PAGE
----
*Legendary New Orleans musician and singer Fats Domino, best-known for songs like “Blueberry Hill,” “Ain’t That a Shame” and “Walkin’ To New Orleans,” has died, his daughter revealed Wednesday. He was 89.
WWL-TV anchor Eric Paulson received word from the family early Wednesday morning and delivered the news on air, saying Domino was surrounded by family and friends and died peacefully, according to the singer’s daughter.
Domino was honored with a Grammy Lifetime Achievement Award in 1987. Rolling Stone magazine listed him at #25 in the list of “Greatest Recording Artists of All Time.”
Born Antoine “Fats” Domino Jr. on February 26, 1928, the artist learned to play the piano from his brother-in-law, the jazz guitarist Harrison Verrett. In the summer of 1947, New Orleans bandleader Billy Diamond accepted an invitation to hear the young pianist perform at a backyard barbecue. Domino played well enough that Diamond asked him to join his band, the Solid Senders, at the Hideaway Club, in New Orleans. Diamond nicknamed him “Fats”, because Domino reminded him of the renowned pianists Fats Waller and Fats Pichon.
Domino attracted national attention with his first recording, “The Fat Man”, made in late 1949 for Imperial Records, an early rock-and-roll record featuring a rolling piano and Domino vocalizing “wah-wah” over a strong backbeat. “The Fat Man” sold one million copies by 1953; it is widely considered the first rock-and-roll record to achieve this feat.
Domino crossed into the pop mainstream with “Ain’t That a Shame” (1955), which reached the Top Ten. Domino eventually had 37 Top 40 singles. His 1956 recording of “Blueberry Hill”, a 1940 song by Vincent Rose, Al Lewis and Larry Stock (which had previously been recorded by Gene Autry, Louis Armstrong and others), reached number 2 in the Top 40 and was number 1 on the R&B chart for 11 weeks. It was his biggest hit, selling more than 5 million copies worldwide in 1956 and 1957. Domino had further hit singles between 1956 and 1959, including “When My Dreamboat Comes Home” (Pop number 14), “I’m Walkin'” (Pop number 4), “Valley of Tears” (Pop number 8), “It’s You I Love” (Pop number 6), “Whole Lotta Loving” (Pop number 6), “I Want to Walk You Home” (Pop number 8) and “Be My Guest” (Pop number 8).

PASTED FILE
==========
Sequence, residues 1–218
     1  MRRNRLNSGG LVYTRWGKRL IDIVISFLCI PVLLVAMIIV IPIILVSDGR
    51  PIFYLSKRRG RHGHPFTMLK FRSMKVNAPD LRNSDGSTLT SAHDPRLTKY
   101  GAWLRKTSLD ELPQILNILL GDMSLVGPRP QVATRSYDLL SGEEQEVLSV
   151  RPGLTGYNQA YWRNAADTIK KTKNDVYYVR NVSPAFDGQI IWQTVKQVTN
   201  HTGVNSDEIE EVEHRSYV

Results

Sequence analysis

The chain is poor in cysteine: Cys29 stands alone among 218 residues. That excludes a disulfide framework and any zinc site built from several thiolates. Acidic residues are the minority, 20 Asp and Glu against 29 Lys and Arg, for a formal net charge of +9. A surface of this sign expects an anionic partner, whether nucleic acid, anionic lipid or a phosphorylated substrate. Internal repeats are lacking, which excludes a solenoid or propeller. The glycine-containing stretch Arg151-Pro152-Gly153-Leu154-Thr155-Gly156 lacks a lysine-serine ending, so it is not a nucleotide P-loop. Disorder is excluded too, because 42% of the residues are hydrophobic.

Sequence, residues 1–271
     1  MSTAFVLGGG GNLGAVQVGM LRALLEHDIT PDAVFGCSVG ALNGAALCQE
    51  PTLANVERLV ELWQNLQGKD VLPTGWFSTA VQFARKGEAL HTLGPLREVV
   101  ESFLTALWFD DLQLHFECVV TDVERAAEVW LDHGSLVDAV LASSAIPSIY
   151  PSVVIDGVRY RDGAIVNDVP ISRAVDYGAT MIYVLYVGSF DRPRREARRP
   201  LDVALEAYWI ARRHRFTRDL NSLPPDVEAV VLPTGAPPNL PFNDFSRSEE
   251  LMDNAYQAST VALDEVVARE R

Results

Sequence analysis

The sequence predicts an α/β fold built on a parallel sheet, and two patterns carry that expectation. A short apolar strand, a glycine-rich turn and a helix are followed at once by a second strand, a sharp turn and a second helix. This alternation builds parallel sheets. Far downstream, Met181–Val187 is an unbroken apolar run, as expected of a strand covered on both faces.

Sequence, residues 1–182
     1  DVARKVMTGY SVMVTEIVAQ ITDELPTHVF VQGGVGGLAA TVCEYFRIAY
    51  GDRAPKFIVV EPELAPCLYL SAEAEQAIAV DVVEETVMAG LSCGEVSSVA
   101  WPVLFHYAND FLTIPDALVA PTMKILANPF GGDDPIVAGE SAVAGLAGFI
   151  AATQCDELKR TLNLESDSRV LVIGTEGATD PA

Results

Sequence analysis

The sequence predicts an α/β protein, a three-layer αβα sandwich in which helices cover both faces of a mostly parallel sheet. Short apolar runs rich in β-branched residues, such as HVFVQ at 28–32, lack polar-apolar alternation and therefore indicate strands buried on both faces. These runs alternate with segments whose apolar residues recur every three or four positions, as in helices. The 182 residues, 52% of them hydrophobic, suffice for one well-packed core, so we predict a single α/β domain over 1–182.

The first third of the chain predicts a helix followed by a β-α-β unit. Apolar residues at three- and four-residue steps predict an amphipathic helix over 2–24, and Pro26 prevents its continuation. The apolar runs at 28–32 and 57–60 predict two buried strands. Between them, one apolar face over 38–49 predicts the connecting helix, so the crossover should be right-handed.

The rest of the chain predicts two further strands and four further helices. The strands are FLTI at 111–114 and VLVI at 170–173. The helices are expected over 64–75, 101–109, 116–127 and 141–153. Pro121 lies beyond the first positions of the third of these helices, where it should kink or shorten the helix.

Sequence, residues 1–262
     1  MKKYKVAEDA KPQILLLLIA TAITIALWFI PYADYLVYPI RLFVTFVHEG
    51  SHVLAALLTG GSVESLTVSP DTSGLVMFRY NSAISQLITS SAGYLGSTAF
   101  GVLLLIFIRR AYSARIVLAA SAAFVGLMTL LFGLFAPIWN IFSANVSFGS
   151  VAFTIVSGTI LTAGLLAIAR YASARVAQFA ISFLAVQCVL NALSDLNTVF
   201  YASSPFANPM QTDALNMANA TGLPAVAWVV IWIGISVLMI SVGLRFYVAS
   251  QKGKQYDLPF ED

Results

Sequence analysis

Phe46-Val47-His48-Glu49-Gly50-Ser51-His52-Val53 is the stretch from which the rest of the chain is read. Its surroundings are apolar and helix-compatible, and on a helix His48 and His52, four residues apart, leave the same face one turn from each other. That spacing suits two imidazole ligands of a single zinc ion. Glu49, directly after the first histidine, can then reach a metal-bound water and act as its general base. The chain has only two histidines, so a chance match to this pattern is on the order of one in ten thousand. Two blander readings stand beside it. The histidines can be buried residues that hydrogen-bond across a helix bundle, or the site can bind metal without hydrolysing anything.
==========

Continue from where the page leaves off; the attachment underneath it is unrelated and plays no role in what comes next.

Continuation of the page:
Even after his success, he continued to live in his old neighborhood. His mansion in a predominantly working-class neighborhood in the Lower Ninth Ward was roomy enough for his 13 children, but he still preferred to sleep in a hammock outside. He was a familiar sight in his bright pink Cadillac automobile.
In the 1980s, Domino decided he would no longer leave New Orleans, having a comfortable income from royalties and a dislike of touring and claiming he could not get any food that he liked anywhere else. His induction into the Rock and Roll Hall of Fame and an invitation to perform at the White House failed to persuade him to make an exception to this policy.
As Hurricane Katrina approached New Orleans in August 2005, Domino chose to stay at home with his family, partly because his wife, Rosemary, was in poor health. His house was in an area that was heavily flooded.
Someone thought Domino was dead and spray-painted a message on his home, “RIP Fats. You will be missed”, which was shown in news photos. On September 1, the talent agent Al Embry announced that he had not heard from Domino since before the hurricane struck. Later that day, CNN reported that Domino had been rescued by a Coast Guard helicopter. Until then, even family members had not heard from him since before the storm. Embry confirmed that Domino and his family had been rescued. The family was then taken to a shelter in Baton Rouge, after which they were picked up by JaMarcus Russell, the starting quarterback of the Louisiana State University football team, and the boyfriend of Domino’s granddaughter. He let the family stay in his apartment. The Washington Post reported that on September 2, they had left Russell’s apartment after sleeping three nights on the couch. “We’ve lost everything,” Domino said, according to the Post.
By January 2006, work to gut and repair Domino’s home and office had begun (see Reconstruction of New Orleans). In the meantime, the Domino family resided in Harvey, Louisiana.
President George W. Bush made a personal visit and replaced the National Medal of Arts that President Bill Clinton had previously awarded Domino. The gold records were replaced by the RIAA and Capitol Records, which owned the Imperial Records catalogue.